The First Trojan for Android is Discovered


Well it seems like Android is becoming a PC, as security firm Kaspersky detected a trojan going by the name of "Trojan-SMS.AndroidOS.FakePlayer.a”. This trojan is downloaded  as an Android app and according to  Kaspersky it is the first known Android targeted trojan.

The trojan poses as a media player app but when the app is installed, it starts sending SMS's to premium rate numbers without telling the user. As the creators of the trojan usually set up the numbers, they benefit from this scam. These types of trojans have been on mobile phones for years, but as far as I am aware, this is the first time it has been put on an Android device.

Kaspersky Lab is supposedly working on Android-specific antivirus software and plans to release it early next year. Even though there are antivirus apps already available in the Android Market, it was supposed to be unnecessary. But I guess it is only a matter of time before we see the 1990s war between the Mac and PC start all over again.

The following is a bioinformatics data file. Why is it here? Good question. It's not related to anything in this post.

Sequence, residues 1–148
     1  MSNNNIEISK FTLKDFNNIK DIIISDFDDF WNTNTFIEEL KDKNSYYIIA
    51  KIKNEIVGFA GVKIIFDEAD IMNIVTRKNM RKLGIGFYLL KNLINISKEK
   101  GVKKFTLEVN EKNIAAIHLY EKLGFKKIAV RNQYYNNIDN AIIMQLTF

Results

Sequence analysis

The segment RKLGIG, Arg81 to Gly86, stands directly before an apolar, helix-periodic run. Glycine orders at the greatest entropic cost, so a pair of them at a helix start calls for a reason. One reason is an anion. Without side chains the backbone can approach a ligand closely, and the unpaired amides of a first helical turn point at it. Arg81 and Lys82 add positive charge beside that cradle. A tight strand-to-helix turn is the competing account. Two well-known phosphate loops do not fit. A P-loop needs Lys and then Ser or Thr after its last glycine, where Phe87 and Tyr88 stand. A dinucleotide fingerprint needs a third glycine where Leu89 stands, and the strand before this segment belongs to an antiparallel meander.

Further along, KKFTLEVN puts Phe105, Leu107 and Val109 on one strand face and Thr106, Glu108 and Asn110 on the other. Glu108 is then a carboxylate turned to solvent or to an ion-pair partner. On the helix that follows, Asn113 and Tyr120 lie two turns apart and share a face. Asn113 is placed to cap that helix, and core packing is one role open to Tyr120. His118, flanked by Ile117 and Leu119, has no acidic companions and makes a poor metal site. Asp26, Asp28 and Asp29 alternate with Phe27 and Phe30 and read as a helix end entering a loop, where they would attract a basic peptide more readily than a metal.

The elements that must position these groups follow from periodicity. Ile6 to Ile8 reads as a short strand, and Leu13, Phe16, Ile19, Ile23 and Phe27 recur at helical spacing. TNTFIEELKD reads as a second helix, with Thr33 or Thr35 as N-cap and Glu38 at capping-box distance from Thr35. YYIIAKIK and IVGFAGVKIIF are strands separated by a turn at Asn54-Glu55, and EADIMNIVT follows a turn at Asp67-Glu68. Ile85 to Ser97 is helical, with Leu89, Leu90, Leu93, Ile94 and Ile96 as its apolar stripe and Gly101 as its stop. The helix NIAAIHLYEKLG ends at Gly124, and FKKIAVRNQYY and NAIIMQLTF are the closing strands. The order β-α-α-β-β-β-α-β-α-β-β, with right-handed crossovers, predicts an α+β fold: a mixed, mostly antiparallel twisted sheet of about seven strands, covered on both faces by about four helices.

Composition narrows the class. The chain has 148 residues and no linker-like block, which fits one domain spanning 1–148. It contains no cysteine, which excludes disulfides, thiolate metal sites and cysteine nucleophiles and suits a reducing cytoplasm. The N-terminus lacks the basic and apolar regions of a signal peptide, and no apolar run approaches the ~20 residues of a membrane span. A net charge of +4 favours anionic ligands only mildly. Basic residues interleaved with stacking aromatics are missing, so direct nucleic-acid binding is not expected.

Source CNET

Apple Responds to iTunes Hack


Over the weekend, we reported that iTunes was hacked (read here) by a rogue iPhone developer had managed to make his apps 42 of the top 50 places in the Books category in the App Store.  So we've finally gotten a press release from Apple about the subject and it says that "the developer in question, called Thuat Nguyen has been kicked out of the app store. However, the do not say clearly that fraud had happened, but if you are concrerned at all about this matter, they say to contact your bank and stop your card if any of your info was stolen... which implies that something did actually happen.

The developer Thuat Nguyen and his apps were removed from the App Store for violating the developer Program License Agreement, including fraudulent purchase patterns. 

Developers do not receive any iTunes confidential customer data when an app is downloaded. 

If your credit card or iTunes password is stolen and used on iTunes we recommend that you contact your financial institution and inquire about canceling the card and issuing a chargeback for any unauthorized transactions. We also recommend that you change your iTunes account password immediately. For more information on best practices for password security visit

So, Steve's walled garden has a hole in it, but it seems like only a very small amount of people have been affected by the problem. Long live iTunes!

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Source Engadget